Scotland’s injuries have made mission impossible even more demanding
Losing both Russell and Hardie has turned this into a damage-limitation exercise for Cotter
Iwas gutted when I heard that Finn Russell, the Scotland fly-half, is out of this afternoon’s game against South Africa. He was hobbling around on crutches and wearing a protective boot at the beginning of the week, but I still had high hopes that he would make it. Let’s just hope that he is fit for Samoa, which I am told is touch and go at this stage.
Vern Cotter, the Scotland head coach, has made an enormous number of changes for this game and, while he will deny it, it is clear to me that he is saving several key players for the match against Samoa. I thought that if we put out our top team we stood a chance of beating South Africa and qualifying after three games, but the loss of Finn and flanker John Hardie was a body blow to those hopes.
I can see how those losses may have changed Cotter’s mindset and made this a damage limitation exercise, but I was still surprised that he made so many changes and wrapped guys, such as centre Mark Bennett, in cotton wool.
My worry is that tournaments are all about momentum, and if Scotland get a battering today, it will affect them against Samoa next week. The die has been cast though and these players will just need to step up and do their best against a pretty formidable Springbok team, who will not take any prisoners after the Japan debacle.
That said, this is nothing like Frank Hadden fielding a second team against New Zealand at Murrayfield in 2007. More than half the team are first-stringers and the guys who have come in are all good players who can do a job and may well have been starters in Scotland teams of the recent past.
In particular, Duncan Weir is a good player who knows most of the Scotland back division as he plays with them at Glasgow. The fact this side is built around players from Glasgow is something Heyneke Meyer, the South Africa coach, identified as a Scotland strength.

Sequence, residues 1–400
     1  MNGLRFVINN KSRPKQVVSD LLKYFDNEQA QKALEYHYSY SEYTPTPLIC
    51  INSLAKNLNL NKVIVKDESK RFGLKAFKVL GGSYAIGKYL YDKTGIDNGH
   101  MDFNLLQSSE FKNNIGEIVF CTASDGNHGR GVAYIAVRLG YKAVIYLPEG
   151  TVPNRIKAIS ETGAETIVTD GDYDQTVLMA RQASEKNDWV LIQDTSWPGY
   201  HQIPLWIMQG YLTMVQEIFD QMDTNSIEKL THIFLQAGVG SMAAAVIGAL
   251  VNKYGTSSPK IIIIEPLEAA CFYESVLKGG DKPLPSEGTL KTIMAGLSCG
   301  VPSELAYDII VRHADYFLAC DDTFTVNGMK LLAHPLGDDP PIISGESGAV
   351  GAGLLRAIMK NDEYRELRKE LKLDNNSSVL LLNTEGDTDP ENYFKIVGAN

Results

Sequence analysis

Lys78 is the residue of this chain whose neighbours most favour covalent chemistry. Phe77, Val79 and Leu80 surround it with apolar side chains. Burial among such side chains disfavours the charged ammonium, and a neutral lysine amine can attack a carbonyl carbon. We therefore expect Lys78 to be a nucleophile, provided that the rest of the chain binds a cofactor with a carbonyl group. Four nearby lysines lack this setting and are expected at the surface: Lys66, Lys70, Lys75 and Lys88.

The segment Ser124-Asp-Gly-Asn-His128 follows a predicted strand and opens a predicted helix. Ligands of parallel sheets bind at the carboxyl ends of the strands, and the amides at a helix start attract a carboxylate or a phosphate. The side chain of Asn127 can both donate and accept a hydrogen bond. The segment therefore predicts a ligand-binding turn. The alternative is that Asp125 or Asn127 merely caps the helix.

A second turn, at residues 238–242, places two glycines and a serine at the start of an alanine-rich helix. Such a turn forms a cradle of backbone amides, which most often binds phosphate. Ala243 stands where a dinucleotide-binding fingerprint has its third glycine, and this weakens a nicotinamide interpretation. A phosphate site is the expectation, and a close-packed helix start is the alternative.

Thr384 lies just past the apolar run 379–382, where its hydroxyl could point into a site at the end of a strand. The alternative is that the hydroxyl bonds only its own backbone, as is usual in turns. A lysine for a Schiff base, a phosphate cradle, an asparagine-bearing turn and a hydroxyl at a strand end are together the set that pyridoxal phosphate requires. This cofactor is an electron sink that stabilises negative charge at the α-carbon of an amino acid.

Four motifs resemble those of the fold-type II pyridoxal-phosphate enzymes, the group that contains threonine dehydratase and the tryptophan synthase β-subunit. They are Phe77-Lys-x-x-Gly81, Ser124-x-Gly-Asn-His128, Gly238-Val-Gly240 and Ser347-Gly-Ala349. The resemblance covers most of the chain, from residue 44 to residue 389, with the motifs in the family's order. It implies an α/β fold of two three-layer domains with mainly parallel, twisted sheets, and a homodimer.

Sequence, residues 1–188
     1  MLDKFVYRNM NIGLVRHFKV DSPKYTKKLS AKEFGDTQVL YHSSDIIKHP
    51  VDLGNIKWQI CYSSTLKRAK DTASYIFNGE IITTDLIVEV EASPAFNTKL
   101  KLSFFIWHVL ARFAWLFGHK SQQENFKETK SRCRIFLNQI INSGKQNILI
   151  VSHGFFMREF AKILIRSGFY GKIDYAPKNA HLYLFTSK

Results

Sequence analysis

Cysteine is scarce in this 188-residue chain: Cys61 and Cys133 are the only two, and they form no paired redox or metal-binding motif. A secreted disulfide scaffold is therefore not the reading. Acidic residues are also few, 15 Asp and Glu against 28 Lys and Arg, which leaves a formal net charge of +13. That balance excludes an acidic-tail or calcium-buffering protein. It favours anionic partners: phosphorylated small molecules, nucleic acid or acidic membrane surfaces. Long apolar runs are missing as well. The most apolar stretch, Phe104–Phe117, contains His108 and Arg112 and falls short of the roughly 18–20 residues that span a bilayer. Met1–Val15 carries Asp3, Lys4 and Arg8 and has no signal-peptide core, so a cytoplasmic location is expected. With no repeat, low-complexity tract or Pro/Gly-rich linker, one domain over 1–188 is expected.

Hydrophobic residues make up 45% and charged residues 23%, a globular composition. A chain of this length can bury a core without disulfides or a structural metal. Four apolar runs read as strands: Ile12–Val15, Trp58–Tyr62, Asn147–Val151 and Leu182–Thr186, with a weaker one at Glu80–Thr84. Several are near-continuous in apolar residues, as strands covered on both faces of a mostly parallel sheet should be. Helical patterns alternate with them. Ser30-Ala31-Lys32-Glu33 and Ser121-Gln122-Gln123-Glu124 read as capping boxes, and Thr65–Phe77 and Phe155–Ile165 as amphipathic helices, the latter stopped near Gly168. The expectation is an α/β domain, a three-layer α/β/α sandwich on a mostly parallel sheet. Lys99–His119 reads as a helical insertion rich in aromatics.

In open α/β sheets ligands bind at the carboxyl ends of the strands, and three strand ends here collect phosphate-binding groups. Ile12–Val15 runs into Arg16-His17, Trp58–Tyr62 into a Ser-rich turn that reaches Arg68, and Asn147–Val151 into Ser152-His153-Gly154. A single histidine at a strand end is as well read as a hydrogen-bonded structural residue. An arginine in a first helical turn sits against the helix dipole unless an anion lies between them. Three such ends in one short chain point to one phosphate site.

We should not underestimate how useful it is, especially against a new-look and inexperienced midfield. Although he tends to sit further back off the gain-line than Finn, Duncan can move the ball well and although he does not have that same ability to put men into space he brings other assets, such as an excellent kicking game.
It is up to Cotter to persuade Duncie to play a flatter back-line in attack because we need to really target this Springbok midfield. Handré Pollard, Damian de Allende and Jesse Kriel have fewer than 30 caps between them so Matt Scott and Richie Vernon should be right up in their faces from the get-go.
We also need to move them around and unsettle them. We certainly need to start better than we did against Japan and the United States or we have no hope of getting even a bonus point.
Our main priority has to be to stop South Africa at source as Japan managed to do. They did so by targeting the ball-carrier with two-man tackles – one would go low with a chop tackle and the other would target the ball.
That is easier against South Africa than almost any other side because their forwards so rarely offload out of the tackle, although they combat that by using sheer power to burst over the gain-line and take two tacklers to ground, which means that the defending team have one less man on his feet at the resulting ruck or maul.
So it is essential that Scotland stop the ball-carrier right on or behind the gain-line. Although I have been a bit surprised by some of the selections, this Scotland side still has some real quality. Greig Laidlaw does not always get the credit he is due, but you could see how much better Scotland functioned when he came on in the second half against the USA.
One of the duels I am looking forward to is that between the Gray brothers, Jonny and Richie, and the two young South African second rows Lood de Jager and Eben Etzebeth, who they see as their new Victor Matfield and Bakkies Botha. Again, the loss of an old head in Matfield will affect them more than they maybe appreciate. He organises them up front and is as important to them as Paul O’Connell is to Ireland.
Had we put out our strongest 15 players, I would have been very positive about our chances.
While it is still not beyond the bounds of possibility that we will win today, with the naming of such a weakened side, mission impossible just got a little less possible.
My worry is about momentum. If we get a battering today, it will affect us against Samoa